Casey Ruble‘s cut-out paper collages are “more or less” true, according to the artist. Inspired by Truman Capote‘s “nonfiction novel” genre, Ruble bases her work on real imagery: photographs, books, magazines. She selectively omits, adds, and mixes facts and fiction, constructing scenes best read by their details.
A giant red ball has traveled the globe for the past 13 years. Aptly called the RedBall Project, it’s stopped in cities from Paris to Perth and is currently stationed in Rennes, France at the historic Place de la Mairie. It’s there from July 3rd to July 9th as part of the Les Tombées de la Nuit Arts Festival.
The larger-than-life inflatable sphere is currently squeezed into the Opéra de Rennes’ narrow archways and begs for the passersby to interact with it; at 250 pounds and 15 feet tall, it’s hard to miss. Reminiscent of a child’s toy on steroids, it adds a sense of playfulness to the landscape as it’s photographed, touched, and even bounced into.
The creator, Kurt Perschke, explains the idea behind his sculpture:
The urban environment is overbuilt and full of possibilities, and the project is about seeing the sculptural spaces of a city. The humor and charisma of the piece allow it access to the city and invites others into its story. I think it’s essential for public work to do more than be “outdoors” – it needs to live in the public’s imagination. (Via designboom)
If you’re in the New Orleans area this Friday come by Loyola University to hear me talk about the history of Beautiful/Decay and the trials and tribulations of DIY publishing. I’ll be discussing how B/D began, how we morphed from a zine to a internationally distributed publication, working in the art/design world, and all the various projects we’ve been involved in along the way. The lecture presented by AIGA, starts at 7pm, and is open to the public. Hope to see and meet all of you there!
Somehow along with doing Beautiful/Decay, making my own art and occasionally sleeping, I have also been teaching a class called “Exploring The Los Angeles Art Scene” at UCLA for the last six months. The word “teaching” actually might be a bit misleading as we don’t meet in a classroom, and there are no tests or lectures. It’s more like a series of field trips that we take to some of the most exciting galleries, artist’s studios, and collections in and around Los Angeles. We meet at a new location on the first Saturday of every month and get an insiders view into some of the major (and aspiring major) players in the LA art scene. I never bothered posting about the class on here but it occurred to me that it may be interesting to some of you out there in blog land.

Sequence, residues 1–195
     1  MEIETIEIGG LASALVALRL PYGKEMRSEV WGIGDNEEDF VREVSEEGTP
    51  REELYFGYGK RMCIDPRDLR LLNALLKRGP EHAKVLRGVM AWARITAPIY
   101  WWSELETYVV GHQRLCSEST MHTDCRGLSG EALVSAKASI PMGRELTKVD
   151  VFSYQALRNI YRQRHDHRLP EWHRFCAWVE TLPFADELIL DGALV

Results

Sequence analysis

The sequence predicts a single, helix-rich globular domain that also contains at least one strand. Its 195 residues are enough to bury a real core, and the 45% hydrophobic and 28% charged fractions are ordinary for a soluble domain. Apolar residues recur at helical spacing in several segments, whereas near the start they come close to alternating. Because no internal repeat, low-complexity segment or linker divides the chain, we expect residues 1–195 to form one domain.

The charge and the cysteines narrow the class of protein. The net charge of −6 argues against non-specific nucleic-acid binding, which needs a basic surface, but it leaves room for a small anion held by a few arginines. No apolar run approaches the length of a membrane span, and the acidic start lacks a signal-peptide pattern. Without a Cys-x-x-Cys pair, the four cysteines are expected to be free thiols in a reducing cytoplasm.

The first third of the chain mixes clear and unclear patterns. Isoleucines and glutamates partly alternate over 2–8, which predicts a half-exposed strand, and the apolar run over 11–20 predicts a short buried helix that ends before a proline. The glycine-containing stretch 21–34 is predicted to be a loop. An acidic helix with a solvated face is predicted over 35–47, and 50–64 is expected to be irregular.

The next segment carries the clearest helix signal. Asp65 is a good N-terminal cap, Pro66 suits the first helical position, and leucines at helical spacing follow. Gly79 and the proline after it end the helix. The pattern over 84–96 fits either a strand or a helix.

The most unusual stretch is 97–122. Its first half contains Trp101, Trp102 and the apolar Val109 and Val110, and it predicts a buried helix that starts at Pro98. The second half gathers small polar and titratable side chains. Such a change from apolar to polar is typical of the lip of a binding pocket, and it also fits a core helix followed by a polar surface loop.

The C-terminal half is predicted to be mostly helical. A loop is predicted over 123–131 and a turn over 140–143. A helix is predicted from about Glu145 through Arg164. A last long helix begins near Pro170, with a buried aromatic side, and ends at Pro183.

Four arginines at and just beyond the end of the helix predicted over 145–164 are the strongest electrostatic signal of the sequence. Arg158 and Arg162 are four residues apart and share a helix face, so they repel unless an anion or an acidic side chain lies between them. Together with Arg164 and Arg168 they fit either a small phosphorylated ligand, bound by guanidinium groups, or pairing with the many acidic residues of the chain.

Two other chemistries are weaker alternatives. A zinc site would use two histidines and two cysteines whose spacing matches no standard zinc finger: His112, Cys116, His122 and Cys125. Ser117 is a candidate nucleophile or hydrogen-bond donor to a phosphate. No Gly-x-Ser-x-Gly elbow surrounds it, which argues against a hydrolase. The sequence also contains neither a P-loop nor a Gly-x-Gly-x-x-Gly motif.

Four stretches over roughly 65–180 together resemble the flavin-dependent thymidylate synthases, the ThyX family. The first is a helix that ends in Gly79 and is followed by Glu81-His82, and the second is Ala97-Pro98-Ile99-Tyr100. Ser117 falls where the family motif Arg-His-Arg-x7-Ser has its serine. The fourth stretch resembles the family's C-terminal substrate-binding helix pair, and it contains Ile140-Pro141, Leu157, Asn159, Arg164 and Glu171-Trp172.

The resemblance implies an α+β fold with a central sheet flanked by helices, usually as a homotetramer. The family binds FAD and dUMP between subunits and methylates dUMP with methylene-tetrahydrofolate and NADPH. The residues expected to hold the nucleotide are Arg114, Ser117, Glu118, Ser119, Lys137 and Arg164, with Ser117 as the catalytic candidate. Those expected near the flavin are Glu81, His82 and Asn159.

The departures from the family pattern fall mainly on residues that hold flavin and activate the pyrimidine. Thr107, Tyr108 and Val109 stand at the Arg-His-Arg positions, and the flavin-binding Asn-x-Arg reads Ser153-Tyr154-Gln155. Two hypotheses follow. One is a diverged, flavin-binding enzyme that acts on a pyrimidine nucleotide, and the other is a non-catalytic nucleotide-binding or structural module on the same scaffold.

Starting in January I’ll be teaching the class once again and visiting a whole slew of new galleries and artists all around town. There are around 25 slots for the class and half are already filled so If you’re looking for something fun to do on Saturday mornings sign up and join professor Amir!
The illustrations of Ville Savimaa are smooth. The soft curves and soft colors combine to produce dreamy scenes. He fuses elements of nature, animals, people, and fashion, to complete very complex compositions that are not overly busy. Savimaa begins his pieces in pencil and completes them digitally. His clean and fluid style as an illustrator has won him several high profile clients including Adidas, Disney, Nokia, and Sony.
As glossy, digital, full color perfection becomes the norm on brochures and other printed matter, the photocopier has become more of an artistic medium than a simple reproduction system. Jakob Johnsen’s collages and image manipulations are sublimely composed and pull on dark, thought-provoking subject matter.
Martin Feijoo’s drawings are inspired by what he imagines the clouds in the sky to look like. His blog offers an image of his own artwork alone, as well as a comparison between the original photograph of the clouds. It’s fun, if you can manage not to peak, to look at the clouds first and see what you see before looking at Faijoo’s images. His style is illustrative and bold, which helps to see his images quite clearly in the clouds on their own. He might pursue more play between the cloud and his image as he continues with this series, to blur the lines more between reality and his imagination.
Feijoo speaks about his inspiration to start the series on his website:
When I was a child I was told that clouds’ shapes were created by expert balloon twister clowns who live in the sky, so that they can keep entertaining children. On my last trip to Mexico I remembered this and I started to photograph clouds on the road. The result is Shaping Clouds, a series of illustrations where I drew the first thing that came into my mind when I saw these clouds that I imagine someone made for me.